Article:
Rich Dad, Poor Dad is a powerful book in part because its lessons are so deeply autobiographical and serve as a metaphor for the financial advice that Robert Kiyosaki provides in such a simple and profound way. In the same way that someone who is skilled in one area (such as playing baseball) may not be skilled in another area (nuclear physics), Robert Kiyosaki is a better source of information about financial thinking than he is about faith and good health. He is a believer in the Oprah Winfrey school of theology, where "all roads lead to heaven."
His sister's life is rather more interesting as she embraces being a Buddhist nun and a life of service that caused her to neglect her health. Part of the motivation for the two to share their spiritual stories is to raise some money to help Ms. Emi Kiyosaki take better care of her health.
The book is dominated by Robert, but Ms. Kiyosaki's life is more interesting from a spiritual perspective. The book unfortunately fails to fully develop her experience and her voice.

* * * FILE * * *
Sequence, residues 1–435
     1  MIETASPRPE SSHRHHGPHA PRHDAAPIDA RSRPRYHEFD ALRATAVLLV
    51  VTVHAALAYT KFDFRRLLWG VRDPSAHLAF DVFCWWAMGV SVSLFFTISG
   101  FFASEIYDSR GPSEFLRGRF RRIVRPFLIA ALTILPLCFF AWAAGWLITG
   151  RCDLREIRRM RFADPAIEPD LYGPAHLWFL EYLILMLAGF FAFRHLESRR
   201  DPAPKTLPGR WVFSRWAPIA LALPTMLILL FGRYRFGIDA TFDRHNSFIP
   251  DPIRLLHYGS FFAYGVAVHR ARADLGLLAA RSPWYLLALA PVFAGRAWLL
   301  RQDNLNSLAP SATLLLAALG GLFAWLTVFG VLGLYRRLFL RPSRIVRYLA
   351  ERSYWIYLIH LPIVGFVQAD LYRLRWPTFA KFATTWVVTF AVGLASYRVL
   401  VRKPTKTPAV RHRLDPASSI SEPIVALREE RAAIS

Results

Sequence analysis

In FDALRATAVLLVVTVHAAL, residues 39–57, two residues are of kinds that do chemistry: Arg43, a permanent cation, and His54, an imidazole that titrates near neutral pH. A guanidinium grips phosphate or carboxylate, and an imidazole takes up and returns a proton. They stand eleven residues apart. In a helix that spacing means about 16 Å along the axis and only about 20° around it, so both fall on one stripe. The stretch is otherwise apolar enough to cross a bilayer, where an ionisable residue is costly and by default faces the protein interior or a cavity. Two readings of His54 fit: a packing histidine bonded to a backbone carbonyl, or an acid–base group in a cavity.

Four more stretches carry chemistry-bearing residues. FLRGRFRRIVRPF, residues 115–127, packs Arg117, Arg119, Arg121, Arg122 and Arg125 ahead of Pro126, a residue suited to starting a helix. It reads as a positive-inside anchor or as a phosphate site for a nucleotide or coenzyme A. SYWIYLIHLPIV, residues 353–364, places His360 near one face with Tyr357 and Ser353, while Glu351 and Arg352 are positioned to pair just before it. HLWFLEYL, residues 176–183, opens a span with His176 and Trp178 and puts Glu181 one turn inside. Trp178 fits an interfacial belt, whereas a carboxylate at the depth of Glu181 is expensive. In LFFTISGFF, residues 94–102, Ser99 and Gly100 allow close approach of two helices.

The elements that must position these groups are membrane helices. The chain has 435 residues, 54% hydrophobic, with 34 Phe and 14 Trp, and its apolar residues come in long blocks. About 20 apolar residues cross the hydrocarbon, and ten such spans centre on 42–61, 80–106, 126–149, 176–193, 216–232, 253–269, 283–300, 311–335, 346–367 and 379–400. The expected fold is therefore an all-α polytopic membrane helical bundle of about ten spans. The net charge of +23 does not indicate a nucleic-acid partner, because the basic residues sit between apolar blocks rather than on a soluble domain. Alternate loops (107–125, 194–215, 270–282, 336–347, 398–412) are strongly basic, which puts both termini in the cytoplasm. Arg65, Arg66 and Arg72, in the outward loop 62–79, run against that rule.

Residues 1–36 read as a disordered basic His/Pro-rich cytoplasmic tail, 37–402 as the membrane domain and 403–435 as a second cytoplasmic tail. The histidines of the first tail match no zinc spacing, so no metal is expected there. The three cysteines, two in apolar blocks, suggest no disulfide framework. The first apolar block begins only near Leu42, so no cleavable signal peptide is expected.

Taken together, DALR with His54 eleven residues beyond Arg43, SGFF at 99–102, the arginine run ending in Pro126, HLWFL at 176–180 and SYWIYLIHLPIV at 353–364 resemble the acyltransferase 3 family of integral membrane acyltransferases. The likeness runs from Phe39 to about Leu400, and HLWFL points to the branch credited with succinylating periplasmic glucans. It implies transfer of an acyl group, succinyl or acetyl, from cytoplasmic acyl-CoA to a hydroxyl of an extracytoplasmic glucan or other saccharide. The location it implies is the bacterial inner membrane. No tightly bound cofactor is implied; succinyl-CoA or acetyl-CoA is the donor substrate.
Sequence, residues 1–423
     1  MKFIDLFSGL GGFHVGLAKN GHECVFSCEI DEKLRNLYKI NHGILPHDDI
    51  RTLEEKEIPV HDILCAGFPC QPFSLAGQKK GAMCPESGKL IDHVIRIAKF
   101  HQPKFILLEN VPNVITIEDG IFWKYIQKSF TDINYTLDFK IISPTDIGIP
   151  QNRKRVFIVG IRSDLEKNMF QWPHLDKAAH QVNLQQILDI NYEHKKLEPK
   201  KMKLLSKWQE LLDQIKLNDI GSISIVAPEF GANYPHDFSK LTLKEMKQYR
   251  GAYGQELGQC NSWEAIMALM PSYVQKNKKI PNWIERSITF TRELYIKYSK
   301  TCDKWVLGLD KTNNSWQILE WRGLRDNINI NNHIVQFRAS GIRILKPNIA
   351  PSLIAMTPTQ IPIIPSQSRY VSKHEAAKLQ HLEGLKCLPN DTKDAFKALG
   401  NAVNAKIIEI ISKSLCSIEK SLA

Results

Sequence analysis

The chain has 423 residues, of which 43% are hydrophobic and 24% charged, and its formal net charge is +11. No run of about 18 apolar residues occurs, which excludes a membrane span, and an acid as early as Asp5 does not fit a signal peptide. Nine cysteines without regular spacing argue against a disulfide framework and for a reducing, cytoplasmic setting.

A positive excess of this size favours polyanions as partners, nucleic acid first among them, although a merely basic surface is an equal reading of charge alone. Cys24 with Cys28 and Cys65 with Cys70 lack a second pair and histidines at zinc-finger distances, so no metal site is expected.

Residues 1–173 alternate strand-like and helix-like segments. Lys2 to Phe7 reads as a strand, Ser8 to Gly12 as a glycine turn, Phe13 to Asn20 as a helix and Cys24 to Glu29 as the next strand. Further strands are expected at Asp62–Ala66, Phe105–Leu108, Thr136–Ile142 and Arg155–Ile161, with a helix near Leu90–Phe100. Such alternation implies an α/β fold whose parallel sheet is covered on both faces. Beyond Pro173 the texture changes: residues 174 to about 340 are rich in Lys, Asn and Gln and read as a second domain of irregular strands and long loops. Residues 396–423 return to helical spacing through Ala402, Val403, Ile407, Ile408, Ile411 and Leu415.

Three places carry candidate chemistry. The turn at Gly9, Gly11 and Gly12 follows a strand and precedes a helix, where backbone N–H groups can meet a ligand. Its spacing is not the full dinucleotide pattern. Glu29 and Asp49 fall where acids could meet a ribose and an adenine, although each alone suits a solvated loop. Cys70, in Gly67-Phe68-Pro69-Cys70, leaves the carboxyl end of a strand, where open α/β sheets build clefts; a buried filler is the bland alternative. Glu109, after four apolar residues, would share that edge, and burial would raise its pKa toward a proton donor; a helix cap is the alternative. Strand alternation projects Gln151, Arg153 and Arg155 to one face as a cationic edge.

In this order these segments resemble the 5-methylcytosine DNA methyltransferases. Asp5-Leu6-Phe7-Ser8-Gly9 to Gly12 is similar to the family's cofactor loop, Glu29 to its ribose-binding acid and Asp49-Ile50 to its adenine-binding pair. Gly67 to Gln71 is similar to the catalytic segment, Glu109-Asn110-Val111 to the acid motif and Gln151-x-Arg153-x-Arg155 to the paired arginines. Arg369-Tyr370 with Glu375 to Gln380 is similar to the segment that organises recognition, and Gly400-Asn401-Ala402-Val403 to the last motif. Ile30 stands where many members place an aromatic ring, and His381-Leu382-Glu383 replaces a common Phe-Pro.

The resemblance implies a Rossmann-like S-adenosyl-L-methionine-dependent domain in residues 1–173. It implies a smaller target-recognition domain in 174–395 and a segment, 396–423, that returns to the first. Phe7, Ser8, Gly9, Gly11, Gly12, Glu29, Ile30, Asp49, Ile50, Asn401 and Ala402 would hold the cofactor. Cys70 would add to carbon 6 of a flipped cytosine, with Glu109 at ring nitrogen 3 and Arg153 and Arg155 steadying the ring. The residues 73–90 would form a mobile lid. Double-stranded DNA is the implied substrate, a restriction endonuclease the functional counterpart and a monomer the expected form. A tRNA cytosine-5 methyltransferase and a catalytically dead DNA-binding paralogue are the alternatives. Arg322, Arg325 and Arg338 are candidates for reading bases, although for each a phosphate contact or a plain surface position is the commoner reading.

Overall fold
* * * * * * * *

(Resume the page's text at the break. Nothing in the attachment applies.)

Since they were young, the two haven't been close (ignoring each other for most adult years). As a result, the two stories don't intertwine in the way many family-oriented autobiographies do.
Who should read this book?
1. Those who want to know every ounce of information about Robert Kiyosaki's life before becoming a financial guru.
2. People who are curious about how a young American woman became a Buddhist nun.
3. Christians who would like to understand how two children fled their mother's faith to plant their spiritual hopes in rather different directions.
I don't understand how anyone could label this book as inspirational. It's just a dual autobiography about two siblings who didn't keep in touch until recently. I guess if you don't speak to your siblings and find it exciting to think that someday you might, that would make the book inspiration. But I think most people stay in touch better than these Kiyosaki siblings did.
I do pray that sales will be good enough to put Ms. Kiyosaki's health in good order for the future.